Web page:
President Obama recently spoke against the extra tests we give our students. But I believe that this is only part of the problem with public education – especially here in Florida where the need for remedial college classes has risen for high school graduates who’ve “earned” As and Bs.

The first time I taught, nine years ago, my colleagues kept warning me, “Stop grading everything. You’ll burn out.”

Stop grading?

How are they going to know if they got the answer right or wrong if I don’t tell them? Isn’t that what education should be – learning how to get the right answer? How will they know if it’s right or not if I don’t tell them? I earned my Bachelor’s Degree in English Literature so that I could teach – not babysit.

After four months of grading approximately 140 students for accuracy, guess what happened? Yep. I burned out.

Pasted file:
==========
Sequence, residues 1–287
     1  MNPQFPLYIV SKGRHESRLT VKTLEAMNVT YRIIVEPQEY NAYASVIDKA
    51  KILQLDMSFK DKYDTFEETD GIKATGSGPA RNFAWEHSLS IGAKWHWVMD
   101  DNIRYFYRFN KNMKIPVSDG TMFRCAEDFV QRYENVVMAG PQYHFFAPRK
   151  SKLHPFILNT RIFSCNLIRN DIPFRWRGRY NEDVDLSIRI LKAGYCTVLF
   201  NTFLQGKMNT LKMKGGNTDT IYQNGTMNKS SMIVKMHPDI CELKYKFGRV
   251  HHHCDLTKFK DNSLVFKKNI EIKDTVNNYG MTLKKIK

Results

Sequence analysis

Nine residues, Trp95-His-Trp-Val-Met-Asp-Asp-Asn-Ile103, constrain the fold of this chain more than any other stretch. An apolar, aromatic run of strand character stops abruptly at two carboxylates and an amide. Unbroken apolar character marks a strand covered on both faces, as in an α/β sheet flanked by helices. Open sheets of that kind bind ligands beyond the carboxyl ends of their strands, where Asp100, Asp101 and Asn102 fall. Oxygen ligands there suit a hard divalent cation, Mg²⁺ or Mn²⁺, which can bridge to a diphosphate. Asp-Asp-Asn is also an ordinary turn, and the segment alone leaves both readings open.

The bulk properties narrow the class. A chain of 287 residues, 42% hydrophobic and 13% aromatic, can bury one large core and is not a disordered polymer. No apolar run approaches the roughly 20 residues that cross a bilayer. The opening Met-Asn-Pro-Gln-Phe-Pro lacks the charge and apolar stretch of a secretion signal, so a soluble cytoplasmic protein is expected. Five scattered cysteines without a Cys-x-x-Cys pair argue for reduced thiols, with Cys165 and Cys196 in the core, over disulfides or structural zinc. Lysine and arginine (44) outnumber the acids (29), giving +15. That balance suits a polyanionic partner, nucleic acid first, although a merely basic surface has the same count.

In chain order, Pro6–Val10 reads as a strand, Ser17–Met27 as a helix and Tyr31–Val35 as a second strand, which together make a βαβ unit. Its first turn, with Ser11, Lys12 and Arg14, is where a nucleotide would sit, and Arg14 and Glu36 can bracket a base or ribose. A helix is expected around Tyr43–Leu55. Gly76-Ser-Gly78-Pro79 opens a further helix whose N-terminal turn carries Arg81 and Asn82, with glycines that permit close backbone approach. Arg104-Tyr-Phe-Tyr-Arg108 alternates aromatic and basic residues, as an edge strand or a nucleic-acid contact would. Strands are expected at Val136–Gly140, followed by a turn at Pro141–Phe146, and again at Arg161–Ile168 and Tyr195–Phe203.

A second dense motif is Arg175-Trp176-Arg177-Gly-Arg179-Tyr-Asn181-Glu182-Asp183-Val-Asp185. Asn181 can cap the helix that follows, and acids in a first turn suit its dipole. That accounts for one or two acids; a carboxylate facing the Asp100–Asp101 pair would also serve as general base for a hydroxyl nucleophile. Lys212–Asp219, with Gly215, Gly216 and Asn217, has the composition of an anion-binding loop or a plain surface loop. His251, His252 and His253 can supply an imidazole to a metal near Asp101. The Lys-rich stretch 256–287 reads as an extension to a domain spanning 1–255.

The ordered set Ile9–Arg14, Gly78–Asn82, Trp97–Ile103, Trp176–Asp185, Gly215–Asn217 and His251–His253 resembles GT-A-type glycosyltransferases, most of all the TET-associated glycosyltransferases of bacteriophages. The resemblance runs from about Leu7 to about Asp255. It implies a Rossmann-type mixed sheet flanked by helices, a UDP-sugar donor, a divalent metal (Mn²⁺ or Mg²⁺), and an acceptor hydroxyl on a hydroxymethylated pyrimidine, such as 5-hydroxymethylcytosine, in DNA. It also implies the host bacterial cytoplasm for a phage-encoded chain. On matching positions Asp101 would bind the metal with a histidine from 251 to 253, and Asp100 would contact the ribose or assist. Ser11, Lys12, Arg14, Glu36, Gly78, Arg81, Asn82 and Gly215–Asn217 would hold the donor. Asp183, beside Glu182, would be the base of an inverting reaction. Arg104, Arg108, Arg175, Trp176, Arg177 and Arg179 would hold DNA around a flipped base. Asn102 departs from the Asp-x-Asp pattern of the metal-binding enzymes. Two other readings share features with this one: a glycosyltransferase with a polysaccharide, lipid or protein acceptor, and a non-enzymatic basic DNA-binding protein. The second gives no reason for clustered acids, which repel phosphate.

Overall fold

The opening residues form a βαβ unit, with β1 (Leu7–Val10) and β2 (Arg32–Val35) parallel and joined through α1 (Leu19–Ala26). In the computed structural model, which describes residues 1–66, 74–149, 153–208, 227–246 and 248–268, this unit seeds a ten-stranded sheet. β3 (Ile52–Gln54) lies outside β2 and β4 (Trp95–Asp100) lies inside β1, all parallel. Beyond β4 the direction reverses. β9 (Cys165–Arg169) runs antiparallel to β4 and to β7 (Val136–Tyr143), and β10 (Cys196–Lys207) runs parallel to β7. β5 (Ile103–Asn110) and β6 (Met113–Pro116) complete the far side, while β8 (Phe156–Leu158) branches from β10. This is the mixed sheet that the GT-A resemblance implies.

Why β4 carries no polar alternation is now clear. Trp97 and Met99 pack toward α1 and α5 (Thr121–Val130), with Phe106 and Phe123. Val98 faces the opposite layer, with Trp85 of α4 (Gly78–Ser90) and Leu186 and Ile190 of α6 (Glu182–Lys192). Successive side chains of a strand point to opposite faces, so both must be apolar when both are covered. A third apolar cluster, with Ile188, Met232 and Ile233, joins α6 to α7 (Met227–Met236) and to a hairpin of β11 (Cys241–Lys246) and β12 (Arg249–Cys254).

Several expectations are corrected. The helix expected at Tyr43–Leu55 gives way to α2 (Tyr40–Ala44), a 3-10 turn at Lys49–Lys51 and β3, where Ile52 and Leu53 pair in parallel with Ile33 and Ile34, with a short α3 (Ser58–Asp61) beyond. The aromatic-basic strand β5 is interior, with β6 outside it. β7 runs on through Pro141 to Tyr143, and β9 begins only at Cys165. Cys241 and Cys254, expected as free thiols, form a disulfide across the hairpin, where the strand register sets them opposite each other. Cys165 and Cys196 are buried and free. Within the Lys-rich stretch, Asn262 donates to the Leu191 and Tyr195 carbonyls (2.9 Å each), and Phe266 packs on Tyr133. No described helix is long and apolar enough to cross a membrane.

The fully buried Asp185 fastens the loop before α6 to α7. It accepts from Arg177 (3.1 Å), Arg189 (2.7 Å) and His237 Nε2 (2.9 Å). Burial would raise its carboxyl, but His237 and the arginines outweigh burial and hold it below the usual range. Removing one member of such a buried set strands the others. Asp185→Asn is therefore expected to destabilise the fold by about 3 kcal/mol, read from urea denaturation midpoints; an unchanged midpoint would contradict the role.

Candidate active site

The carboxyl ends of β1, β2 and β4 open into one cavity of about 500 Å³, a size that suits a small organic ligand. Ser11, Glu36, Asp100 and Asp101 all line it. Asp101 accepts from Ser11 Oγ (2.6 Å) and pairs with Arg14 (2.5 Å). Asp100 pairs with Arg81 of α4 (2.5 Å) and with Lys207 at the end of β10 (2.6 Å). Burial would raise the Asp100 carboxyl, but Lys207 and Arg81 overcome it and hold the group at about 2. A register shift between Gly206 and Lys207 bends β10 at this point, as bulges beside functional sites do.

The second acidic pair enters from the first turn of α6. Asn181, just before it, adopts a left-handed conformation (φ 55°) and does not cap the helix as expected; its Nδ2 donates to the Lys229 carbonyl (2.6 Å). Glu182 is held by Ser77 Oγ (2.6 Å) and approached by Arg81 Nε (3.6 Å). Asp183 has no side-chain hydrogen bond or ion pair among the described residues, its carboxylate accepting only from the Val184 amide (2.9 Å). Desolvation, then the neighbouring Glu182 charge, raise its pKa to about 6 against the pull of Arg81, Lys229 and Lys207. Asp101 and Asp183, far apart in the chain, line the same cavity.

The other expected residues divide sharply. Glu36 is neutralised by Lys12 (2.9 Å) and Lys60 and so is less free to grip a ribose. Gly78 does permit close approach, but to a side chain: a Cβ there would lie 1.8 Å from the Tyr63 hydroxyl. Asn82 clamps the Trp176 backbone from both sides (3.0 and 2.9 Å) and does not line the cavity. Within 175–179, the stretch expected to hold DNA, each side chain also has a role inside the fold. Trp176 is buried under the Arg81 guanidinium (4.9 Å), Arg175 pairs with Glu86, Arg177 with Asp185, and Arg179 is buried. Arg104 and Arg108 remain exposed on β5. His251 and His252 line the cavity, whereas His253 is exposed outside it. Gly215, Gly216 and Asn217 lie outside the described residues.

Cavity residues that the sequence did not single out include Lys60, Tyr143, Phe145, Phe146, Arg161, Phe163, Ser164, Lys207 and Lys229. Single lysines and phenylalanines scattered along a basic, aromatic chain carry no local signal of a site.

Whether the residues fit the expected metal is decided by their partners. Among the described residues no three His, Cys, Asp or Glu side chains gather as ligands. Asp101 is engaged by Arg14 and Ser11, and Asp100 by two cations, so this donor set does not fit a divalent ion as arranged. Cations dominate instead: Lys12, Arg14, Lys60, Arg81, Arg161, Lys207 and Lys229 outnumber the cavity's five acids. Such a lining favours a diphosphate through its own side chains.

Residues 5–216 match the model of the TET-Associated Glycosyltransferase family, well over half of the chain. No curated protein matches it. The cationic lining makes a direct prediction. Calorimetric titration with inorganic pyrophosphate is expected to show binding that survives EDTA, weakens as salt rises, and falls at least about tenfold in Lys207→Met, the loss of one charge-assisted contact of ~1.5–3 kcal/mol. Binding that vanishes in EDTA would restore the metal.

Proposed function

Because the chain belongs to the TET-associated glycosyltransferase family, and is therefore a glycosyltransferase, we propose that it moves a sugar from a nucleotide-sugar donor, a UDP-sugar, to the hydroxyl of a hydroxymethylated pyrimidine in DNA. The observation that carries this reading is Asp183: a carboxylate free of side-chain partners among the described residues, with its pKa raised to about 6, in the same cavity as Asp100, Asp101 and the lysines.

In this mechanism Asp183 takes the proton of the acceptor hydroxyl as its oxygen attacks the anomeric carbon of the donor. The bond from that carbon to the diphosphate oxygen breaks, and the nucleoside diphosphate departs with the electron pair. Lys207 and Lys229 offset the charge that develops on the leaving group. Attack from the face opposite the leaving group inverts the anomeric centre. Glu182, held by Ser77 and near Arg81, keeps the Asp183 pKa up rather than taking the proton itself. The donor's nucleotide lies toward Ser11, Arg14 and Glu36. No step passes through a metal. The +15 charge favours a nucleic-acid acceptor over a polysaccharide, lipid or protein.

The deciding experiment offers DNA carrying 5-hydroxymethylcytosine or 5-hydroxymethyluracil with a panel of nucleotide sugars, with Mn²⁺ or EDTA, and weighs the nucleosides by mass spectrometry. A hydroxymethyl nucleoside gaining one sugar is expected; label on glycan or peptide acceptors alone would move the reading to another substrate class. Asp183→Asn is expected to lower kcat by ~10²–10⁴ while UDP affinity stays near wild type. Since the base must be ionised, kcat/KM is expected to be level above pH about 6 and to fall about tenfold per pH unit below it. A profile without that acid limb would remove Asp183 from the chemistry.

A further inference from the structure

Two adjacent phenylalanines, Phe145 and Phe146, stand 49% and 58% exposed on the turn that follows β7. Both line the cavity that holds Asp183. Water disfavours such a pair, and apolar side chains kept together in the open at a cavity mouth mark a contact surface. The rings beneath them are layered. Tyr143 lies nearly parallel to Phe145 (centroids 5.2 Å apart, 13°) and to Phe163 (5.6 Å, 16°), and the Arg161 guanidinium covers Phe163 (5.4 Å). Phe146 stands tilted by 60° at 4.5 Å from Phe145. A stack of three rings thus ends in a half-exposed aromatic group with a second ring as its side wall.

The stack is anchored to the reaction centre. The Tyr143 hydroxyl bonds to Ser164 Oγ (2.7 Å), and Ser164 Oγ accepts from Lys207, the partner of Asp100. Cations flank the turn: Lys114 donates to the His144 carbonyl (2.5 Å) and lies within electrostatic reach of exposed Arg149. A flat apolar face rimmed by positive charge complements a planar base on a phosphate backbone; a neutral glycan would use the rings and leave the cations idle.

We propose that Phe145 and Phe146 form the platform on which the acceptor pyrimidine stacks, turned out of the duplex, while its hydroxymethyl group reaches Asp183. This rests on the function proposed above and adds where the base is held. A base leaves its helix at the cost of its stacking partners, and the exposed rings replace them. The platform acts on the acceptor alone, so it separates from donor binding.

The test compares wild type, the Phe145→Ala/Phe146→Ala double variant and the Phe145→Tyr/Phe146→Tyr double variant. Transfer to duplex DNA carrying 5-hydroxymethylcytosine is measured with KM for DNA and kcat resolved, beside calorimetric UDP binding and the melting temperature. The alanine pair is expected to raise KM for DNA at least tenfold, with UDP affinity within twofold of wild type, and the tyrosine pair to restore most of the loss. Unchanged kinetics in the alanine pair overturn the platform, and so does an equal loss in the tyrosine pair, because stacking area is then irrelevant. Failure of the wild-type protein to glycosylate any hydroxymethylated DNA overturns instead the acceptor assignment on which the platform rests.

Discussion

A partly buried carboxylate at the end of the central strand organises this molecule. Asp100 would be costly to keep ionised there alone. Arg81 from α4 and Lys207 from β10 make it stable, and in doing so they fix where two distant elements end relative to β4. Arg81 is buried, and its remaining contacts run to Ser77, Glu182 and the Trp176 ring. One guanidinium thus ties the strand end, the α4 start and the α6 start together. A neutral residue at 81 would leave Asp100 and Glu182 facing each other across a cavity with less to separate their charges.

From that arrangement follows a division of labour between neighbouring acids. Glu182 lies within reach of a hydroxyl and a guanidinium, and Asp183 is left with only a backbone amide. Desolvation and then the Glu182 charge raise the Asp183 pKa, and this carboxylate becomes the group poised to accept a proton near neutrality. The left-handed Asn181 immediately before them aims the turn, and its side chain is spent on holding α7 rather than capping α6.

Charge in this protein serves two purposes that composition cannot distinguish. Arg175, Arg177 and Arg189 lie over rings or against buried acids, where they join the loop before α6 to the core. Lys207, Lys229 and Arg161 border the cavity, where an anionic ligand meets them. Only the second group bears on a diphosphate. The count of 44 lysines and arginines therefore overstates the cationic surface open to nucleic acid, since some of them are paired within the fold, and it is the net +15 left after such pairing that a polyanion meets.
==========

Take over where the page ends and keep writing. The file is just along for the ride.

I was heartbroken. I love to be in the classroom. Around the time I resigned, my 11th graders had just finished reading The Crucible and watching The Village. I assigned them to write a compare/contrast essay which I never got to read.

Cue a good cry in the car.

At the time, I didn’t know that I should not have been eating gluten, but I knew something was wrong with my body, so my official reason on the resignation was “medical issues.”

Once I identified gluten as the culprit for my bad health, I thought that I’d like to give teaching another try. So I did.

Last month, I accepted a long-term substitute position for an 11th grade English teacher who was on a military assignment. I was excited. The textbook was better, I had a projector which plugged in to my computer, and this time, 3 of the 5 classes would be full of honors students. A breeze, right?

I feel like I spent last month herding cats.